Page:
Home Health Care and Emergency Preparedness: Making Sure Your Loved One Is Safe
Making the decision to use home health care can provide comfort for a loved one who doesn't want to move to an assisted-living community or nursing home. You will, however, need to make sure your loved one's home and caregiver are prepared in the event of an emergency. Here are a few things to consider as your family makes the transition to home health care.
Put a Shelter Plan in Place Together
Ask the caregiver if he or she is able to stay with your loved one should there be a reason to take shelter, such as a potential tornado or severe storm. Your health care worker might be able to help your loved one evacuate to a basement or interior room during potential disasters.
Create an Evacuation Plan
Nursing homes and assisted-living facilities have evacuation routes posted on doors and walls throughout the building. You can borrow this idea to help the home health worker get your loved one to safety in the event of a fire or other disaster requiring evacuation. Post exit maps on the doors in each room, and go over them with your relative and the home health worker. Be sure that his or her plan is to find and assist your loved one before exiting the home.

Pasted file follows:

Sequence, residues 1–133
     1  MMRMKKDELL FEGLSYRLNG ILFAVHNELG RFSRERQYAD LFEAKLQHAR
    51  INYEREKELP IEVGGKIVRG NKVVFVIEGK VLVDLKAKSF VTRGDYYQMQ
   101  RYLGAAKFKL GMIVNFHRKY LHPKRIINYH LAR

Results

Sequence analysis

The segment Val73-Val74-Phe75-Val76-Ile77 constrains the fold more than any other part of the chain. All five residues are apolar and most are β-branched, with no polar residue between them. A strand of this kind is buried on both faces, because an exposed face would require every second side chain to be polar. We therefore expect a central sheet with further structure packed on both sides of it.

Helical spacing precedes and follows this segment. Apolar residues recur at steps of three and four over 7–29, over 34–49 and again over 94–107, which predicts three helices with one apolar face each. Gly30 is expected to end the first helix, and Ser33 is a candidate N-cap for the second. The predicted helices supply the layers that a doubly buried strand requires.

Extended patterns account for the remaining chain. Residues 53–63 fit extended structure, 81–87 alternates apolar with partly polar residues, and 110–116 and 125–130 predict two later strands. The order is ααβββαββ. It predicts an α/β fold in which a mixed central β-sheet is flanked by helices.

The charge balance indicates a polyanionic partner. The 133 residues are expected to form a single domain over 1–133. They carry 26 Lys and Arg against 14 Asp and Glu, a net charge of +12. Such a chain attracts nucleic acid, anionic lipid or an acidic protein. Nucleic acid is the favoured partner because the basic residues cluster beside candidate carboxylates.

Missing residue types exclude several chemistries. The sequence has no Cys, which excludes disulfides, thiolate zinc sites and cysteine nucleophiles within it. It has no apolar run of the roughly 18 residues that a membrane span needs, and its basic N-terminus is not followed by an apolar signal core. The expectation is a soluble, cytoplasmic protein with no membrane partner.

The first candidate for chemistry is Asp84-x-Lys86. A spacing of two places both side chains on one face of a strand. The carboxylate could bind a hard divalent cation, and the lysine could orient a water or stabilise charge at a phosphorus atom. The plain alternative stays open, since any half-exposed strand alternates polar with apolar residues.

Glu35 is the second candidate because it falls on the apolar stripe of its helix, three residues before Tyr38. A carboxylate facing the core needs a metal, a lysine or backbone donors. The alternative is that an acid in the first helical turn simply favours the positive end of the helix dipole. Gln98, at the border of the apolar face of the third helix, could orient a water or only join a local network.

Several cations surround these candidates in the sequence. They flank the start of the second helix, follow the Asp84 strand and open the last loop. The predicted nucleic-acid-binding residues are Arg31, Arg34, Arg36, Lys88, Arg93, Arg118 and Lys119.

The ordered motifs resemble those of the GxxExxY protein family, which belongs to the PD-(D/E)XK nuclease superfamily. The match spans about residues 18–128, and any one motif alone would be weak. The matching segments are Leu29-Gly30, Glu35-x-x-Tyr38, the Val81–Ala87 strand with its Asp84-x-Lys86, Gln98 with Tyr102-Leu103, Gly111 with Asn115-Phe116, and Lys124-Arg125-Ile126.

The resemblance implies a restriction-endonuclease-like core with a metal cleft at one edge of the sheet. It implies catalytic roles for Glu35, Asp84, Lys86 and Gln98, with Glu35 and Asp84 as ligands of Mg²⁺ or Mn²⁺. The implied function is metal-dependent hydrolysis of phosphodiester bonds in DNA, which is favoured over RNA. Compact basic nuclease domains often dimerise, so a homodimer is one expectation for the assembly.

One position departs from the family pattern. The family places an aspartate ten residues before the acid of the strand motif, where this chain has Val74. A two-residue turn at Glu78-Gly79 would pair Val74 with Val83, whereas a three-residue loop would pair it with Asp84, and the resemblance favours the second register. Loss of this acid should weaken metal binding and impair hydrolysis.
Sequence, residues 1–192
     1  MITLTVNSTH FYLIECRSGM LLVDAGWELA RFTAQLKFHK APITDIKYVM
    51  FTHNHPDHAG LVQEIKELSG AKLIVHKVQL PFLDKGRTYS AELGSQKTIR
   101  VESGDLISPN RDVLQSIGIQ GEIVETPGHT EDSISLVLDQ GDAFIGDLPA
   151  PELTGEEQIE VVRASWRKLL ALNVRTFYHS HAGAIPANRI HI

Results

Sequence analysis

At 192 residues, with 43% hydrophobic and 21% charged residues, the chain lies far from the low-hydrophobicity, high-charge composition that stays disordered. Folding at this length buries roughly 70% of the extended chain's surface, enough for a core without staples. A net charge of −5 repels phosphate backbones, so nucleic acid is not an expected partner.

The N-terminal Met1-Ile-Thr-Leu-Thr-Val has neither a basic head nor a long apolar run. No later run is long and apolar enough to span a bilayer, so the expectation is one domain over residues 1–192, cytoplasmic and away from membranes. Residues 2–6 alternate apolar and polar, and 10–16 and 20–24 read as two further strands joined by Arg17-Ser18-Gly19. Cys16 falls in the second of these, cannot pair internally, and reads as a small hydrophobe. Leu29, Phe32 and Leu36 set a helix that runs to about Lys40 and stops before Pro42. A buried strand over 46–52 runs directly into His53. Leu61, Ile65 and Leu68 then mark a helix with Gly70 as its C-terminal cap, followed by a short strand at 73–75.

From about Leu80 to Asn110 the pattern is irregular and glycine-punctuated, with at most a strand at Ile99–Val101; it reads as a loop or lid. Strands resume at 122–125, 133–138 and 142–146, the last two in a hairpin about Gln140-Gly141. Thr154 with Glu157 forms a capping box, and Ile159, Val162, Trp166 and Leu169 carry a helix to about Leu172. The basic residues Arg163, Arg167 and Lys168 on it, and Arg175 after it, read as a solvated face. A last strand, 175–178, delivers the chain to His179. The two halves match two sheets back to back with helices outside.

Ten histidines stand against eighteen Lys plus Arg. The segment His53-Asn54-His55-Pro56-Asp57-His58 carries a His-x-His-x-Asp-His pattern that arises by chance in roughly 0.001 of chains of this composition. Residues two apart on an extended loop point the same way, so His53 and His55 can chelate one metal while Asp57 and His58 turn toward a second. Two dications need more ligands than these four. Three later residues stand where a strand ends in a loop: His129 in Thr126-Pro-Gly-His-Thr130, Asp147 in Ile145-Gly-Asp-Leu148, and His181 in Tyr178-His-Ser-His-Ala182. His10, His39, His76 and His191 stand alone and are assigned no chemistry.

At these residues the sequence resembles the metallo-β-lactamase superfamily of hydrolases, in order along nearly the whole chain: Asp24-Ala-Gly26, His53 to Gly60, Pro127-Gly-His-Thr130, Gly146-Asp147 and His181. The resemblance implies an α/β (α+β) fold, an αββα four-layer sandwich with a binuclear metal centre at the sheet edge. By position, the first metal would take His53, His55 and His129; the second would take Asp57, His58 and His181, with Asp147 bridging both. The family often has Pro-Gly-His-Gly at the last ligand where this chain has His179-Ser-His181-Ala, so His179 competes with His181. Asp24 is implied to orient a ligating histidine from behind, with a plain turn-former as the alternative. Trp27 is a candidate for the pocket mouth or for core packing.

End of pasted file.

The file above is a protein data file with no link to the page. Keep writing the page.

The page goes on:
Plan for Times Your Relative Will Be Alone
Unless you have 24-hour in-home help, there will be times your loved one will be alone. Create an emergency plan for him or her to follow in case of a natural disaster or medical emergency. Post a list of emergency numbers (including yours) next to each telephone in the home, and invest in a medical-alert system he or she can press in case of an accident in the home. Go over all of the information with your relative on a regular basis to ensure he or she remembers the plan. Talk about where to go in the event of a tornado, fire, flood, or severe thunderstorm. You may also want to keep an emergency cell phone in the kitchen or bedroom as a backup to the landline phone.
Having a home health care worker can give your relative a greater sense of independence, but it may cause you to be concerned about what might happen in an emergency. Use this list to prepare your loved one and the home health worker to keep everyone safe and healthy.
Contact an organization like Independent Life for more ideas about how to help your loved one in case of an emergency.